ordered away, or had of my own accord joined some organ-
ization sent forward to Washington in April last, that I too
might have been found ready, when to be ready was the
duty of every man. But not," etc., etc., through the whole
gamut of honest self-deception. There was then, as subse-
quent events showed, no earthly reason why I should not
have gone, and the best of reasons why I should go, and go
at once; but, I argued, if I now go, "I do so because I am
carried away by the enthusiasm of those around me, or ia
the desire of a new and exciting life, with a chance of mili-
tary distinction. I feel that war is not my vocation; and
that, In deserting the law for It, I should give up a profession
for which I am little adapted for one to which I am adapted
even less. This disposes also of my chance of military dis-
tinction, and leaves only the question of yielding to the
contagion about me. That a soldier's life would give a new

124 Charles Francis Adams

impetus to my energies, I know; that in it I should be happy
and grow, I am well enough aware; incidentally, also, it
might, and, I fancy, would lead to many advantageous
things; but these possible advantages, though they weigh
heavily enough with me, will not justify my leaving the
manifest duties which ought to keep me here. My father
has entrusted me with the care of the bulk of his property,
and never was property so difficult to manage as it now is,"
etc., etc., "and these considerations of real duty must out-
weigh the possible advantages to result from novelty, excite-
ment and activity. Yes ! this chance is gone by, and I feel
that I shall not take part in the war." All of which shows
that at twenty-five I was a good deal of a prig, as well as
addicted to a mild form of sophistry. The fact was that my
father, with the coldness of temperament natural to him,
took a wholly wrong view of the subject and situation, did
not believe in any one taking a hand in actual fight, and
wholly failed to realize that it would have been an actual
disgrace had his family, of all possible families American,
been wholly unrepresented in the field. And I was the one
to go ! At the same time, I did understand myself, and rec-
ognize my own limitations. I had no natural call to a mili-
tary life.

Early in September the Twentieth broke camp at Read-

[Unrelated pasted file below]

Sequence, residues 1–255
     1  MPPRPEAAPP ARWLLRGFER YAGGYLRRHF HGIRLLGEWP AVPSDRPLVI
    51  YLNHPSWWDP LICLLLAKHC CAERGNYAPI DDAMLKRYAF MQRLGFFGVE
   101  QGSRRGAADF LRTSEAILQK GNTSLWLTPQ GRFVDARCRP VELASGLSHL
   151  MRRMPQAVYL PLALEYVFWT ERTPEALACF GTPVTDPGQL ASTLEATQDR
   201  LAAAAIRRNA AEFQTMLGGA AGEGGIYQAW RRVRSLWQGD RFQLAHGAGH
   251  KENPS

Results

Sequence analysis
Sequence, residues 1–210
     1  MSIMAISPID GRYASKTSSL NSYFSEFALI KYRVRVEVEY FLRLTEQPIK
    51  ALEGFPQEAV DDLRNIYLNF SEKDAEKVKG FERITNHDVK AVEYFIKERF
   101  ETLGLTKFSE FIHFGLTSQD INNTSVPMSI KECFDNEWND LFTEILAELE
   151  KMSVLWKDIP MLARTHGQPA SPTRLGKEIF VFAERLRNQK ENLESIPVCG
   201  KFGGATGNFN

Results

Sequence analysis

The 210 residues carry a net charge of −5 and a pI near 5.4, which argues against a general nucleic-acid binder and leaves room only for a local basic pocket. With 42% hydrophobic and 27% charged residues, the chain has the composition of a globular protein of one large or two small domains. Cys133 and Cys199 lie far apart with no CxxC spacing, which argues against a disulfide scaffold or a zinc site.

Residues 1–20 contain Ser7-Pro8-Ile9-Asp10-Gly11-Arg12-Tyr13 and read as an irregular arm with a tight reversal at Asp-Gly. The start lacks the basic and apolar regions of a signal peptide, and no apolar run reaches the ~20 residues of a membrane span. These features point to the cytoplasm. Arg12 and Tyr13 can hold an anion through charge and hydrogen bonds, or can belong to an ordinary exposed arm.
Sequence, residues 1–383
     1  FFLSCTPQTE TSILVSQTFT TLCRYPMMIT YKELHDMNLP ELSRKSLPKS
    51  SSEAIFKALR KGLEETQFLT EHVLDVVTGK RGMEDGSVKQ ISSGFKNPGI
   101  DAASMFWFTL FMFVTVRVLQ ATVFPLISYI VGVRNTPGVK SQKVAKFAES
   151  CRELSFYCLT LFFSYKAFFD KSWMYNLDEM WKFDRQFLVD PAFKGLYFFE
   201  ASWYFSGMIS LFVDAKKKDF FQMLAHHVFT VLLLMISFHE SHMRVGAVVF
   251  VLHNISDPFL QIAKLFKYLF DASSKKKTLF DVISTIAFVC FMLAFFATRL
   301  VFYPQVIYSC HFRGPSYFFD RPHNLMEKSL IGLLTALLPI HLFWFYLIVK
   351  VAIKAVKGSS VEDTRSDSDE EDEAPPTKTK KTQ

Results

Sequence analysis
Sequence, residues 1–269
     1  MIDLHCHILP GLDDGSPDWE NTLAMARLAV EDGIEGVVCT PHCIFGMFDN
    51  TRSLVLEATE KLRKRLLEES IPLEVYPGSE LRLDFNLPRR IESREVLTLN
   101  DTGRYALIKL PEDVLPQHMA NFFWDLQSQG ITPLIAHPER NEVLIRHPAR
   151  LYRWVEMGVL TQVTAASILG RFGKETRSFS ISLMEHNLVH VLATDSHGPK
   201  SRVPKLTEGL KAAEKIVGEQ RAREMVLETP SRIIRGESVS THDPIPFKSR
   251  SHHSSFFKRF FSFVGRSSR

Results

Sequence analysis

ville, and went to the Potomac. The Twentieth was largely
officered by my friends. Frank Palfrey, wounded and dis-
abled at Antietam, was its lieutenant-colonel ; Paul Revere,
killed at Gettysburg, was major. I saw them ofi". With them
went Caspar Crowninshield, my household companion during
the summer, destined to be my camp companion later on,
and friend for long years. He died early in 1897, while I was

War and Army Life 1 2 5

living in Florence. It was a thoughtful day for me — that
pleasant, soft September noon when I shook hands all around
in the bustling camp, and then rode home to Quincy; and I
wrote In my diary that "I tried to feel satisfied with Quincy
and myself. I might have commanded the right of the line
of that regiment; and, instead, I am scolding tenants, audit-
ing bills, discussing repairs, rendering accounts, and so —
doing my duty ! — Pshl"

This was In September, and the struggle w^ent on all
through that month and the following. At last things were
ripe, and what may be termed the psychological crisis came
about. On the 30th of October, I thus recorded a very mem-
orable event in my life: "I have astonished myself within
forty-eight hours. I have applied for the commission in
the cavalry regiment, which, on Saturday last, I declined!
Monday afternoon I went out to ride. It was a clear, windy
afternoon, and the autumn leaves gleamed through the crisp
October air In the afternoon sunshine. As I was walking my
horse through the Braintree woods and meditating on my
enforced staying at home, it suddenly flashed across me.
Why do I stay at home? And sure enough the reasons that,
two months ago, seemed so strong, all had vanished. The
business questions were all disposed of; nothing more re-
quiring my presence here seemed likely to arise; and so,
Why should I not got The first sensation was not pleasant;
and I found myself instinctively clinging to my old, old
reasons, now only excuses; but. In another moment, I was
all aglow. During that ride, I thought of nothing else; and,
when I got home from it, my mind was made up. I said
nothing to any one; but, yesterday, I sent a note to Sargent,
asking for a captaincy." The regiment in question was the

1 2 6 Charles Francis Adams

First Massachusetts Cavalry; Sargent was its lieutenant-
colonel — Horace Binney Sargent, of the class of 1843; in
1 861 a man of a little less than forty, whom I had known
rather well for some years back; and, for some reason, had
of him conceived a good opinion, which subsequent events
in no way confirmed. Meanwhile, my delay had been pro-
ductive. In one respect at least, of fortunate results. In
the earliest stages of the war the powers that were had been
slow in reaching any adequate conception either of its mag-
nitude or of the time it would occupy. It had been assumed
that no volunteer mounted regiments would be called into
the service, as the preparation and training of cavalry re-
quired more time than could be given in view of the early
ending of the conflict then anticipated as of course. No
cavalry regiment from Massachusetts was called for until
August; and though, like so many other of my friends, I
might not improbably have then been transferred to it from
an earlier Infantry organization, I was in October just in
time. Meeting Sargent in one of my afternoon rides, it had
occurred to him to offer me a commission; which I, at the
time, declined, in accordance with my earlier theory of duty
at home. A few days later the cogitations of that afternoon
ride through the Braintree woods in the October atmosphere
settled the question. From that moment I did not again
hesitate. The relief of a resolution taken was great. Even

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Online LibraryCharles Francis AdamsCharles Francis Adams, 1835-1915; an autobiography; → online text (page 13 of 21)